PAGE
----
When we venture outdoors in summer months, we slather our face and skin with sun block, but what about our eyes? How much protection do they need?
Ultra violet light (UV) from the sun, can affect our eye health. Damage can be short and long term. One of the short-term effects is photokeratitis. Too much intense UV light can cause “sunburn” to the corneas. This is photokeratitis (also known as UV keratitis). It is very painful and can temporarily impair our vision. Other symptoms include blurry vision, red and gritty eyes, excessive tearing, and extreme sensitivity to light. The higher the altitude, the more intense the UV radiation. It has been said that for every 1,000 feet we climb in elevation the amount of UV radiation that reaches our eyes increases by 4 percent. Snow also occurs at higher altitudes and reflects the UV light even more. Photokeratitis with these conditions is sometimes called snow blindness.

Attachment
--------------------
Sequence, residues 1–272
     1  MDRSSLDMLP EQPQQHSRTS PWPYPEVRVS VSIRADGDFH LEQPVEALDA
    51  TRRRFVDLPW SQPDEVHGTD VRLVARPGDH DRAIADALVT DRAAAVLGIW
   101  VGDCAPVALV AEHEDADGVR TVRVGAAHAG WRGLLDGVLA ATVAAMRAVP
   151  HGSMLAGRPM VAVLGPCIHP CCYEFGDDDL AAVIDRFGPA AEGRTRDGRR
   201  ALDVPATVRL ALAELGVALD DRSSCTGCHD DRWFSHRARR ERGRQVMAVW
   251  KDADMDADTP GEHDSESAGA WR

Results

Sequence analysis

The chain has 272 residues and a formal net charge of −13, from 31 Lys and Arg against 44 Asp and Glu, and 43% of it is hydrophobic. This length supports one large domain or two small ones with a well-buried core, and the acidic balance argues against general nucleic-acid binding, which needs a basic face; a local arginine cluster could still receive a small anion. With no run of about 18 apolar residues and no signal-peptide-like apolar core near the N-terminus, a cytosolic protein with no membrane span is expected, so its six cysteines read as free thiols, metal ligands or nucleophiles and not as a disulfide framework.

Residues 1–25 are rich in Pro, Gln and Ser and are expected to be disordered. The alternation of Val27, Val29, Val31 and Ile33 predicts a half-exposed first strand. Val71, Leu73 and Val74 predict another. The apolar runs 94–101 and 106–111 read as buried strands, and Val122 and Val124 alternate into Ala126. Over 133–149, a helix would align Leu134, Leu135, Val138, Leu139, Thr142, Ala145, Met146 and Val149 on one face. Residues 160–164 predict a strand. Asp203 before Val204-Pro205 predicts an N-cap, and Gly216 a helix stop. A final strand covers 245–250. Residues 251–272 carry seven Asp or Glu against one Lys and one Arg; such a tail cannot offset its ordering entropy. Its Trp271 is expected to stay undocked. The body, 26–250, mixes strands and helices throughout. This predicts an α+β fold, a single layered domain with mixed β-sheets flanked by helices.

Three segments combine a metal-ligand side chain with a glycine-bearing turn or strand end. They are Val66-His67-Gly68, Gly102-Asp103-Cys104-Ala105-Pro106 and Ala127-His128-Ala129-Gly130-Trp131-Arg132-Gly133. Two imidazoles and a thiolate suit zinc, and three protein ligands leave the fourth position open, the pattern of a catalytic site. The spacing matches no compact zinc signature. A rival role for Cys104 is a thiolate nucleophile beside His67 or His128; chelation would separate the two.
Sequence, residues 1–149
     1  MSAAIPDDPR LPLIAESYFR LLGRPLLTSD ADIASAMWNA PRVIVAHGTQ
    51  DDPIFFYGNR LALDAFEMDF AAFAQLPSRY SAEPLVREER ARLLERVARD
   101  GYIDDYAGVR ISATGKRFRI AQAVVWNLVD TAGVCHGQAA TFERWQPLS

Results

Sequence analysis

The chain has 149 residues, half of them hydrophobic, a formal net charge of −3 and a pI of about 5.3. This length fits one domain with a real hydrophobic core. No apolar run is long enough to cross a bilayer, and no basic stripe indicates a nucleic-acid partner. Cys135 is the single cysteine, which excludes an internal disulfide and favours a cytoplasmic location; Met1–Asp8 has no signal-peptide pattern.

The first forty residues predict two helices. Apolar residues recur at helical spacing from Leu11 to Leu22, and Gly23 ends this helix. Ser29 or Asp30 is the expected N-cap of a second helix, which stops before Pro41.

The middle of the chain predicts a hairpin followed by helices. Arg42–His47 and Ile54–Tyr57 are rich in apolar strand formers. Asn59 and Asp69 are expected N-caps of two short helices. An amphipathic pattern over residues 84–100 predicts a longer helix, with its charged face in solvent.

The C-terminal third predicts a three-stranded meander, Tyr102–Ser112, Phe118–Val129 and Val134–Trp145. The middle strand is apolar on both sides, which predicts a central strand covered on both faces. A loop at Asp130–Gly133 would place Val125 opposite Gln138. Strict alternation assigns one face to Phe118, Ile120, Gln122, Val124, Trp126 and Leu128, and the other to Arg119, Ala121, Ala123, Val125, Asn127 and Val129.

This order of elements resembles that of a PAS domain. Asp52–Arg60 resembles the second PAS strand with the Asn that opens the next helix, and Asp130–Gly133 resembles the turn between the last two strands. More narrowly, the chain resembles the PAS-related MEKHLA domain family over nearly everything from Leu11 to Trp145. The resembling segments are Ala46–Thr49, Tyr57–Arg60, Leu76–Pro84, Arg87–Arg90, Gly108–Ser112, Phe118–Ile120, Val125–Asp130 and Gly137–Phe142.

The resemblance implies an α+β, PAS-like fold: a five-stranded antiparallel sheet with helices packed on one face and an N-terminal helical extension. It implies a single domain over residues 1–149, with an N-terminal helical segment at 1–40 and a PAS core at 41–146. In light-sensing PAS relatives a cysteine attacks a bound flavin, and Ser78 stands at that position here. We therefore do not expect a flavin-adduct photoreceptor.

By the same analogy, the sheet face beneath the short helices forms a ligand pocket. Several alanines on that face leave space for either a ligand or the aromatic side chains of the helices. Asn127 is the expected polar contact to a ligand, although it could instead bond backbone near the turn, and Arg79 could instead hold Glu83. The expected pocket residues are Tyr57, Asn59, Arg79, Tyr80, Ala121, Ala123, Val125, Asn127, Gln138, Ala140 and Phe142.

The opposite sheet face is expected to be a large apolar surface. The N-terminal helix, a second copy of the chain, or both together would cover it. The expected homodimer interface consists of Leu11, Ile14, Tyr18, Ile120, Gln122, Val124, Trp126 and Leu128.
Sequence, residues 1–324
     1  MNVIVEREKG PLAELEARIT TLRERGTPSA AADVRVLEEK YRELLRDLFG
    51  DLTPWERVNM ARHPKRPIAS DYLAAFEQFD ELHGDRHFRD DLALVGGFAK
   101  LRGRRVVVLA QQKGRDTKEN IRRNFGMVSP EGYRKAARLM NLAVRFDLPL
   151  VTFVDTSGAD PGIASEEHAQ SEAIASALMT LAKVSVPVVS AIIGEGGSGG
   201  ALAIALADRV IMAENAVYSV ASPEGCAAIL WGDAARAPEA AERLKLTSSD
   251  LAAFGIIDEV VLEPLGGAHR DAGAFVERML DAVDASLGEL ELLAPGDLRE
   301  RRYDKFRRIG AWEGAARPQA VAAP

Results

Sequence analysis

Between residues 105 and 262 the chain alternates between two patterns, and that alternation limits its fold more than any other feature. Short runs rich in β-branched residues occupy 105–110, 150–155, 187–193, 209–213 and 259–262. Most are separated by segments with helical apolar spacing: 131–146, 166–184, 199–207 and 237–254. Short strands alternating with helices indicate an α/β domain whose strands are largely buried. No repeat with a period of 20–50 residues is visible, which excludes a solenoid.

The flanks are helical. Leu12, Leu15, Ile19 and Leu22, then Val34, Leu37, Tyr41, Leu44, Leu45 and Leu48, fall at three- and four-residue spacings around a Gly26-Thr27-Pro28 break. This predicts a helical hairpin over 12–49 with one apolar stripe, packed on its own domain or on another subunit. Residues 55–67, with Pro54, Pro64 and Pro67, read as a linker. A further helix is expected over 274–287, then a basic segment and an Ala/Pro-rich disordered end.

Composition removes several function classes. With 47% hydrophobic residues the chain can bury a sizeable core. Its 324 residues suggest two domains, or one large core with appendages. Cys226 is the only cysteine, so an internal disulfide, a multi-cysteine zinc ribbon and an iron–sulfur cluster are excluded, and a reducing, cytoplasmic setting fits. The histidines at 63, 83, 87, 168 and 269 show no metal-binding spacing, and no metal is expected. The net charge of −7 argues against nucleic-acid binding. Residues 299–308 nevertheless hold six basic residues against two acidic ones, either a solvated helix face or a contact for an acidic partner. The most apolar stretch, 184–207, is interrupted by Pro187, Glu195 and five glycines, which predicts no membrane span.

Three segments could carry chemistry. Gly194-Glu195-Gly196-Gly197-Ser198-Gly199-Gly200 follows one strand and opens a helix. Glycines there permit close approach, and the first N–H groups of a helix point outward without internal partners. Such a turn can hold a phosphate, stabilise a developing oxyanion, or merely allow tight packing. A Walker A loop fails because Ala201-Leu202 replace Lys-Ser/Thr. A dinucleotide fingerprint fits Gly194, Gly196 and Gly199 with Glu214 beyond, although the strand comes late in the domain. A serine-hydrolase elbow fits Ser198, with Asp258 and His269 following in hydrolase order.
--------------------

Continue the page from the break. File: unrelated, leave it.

Even though you are at a lower elevation you still have risks of UV damage. Sand and water also act as mirrors. Sand reflects 25 percent of UV light and water has the potential to reflect up to 100 percent. Photokeratitis can be triggered after as little as two hours of intense sun exposure. It is important to wear sunglasses that fit properly and block UV rays.
Photokeratitis symptoms usually last 6-24 hours. Most symptoms completely disappear in 48 hours. disappear within 48 hours. The longer you are exposed, the longer your symptoms are likely to last. If you experience photokeratitis, there are several things you can do to alleviate the pain. Remove any contact lenses immediately. Avoid the sun and bright lights. Apply a cool compress to the eyes and use preservative free eye drops to soothe the eye. Take an over-the-counter non-steroidal anti-inflammatory medication. As long-term effects can happen to the cornea, you should get checked out by an eye doctor.
Photo credit: Lindsay Lenard, Unsplash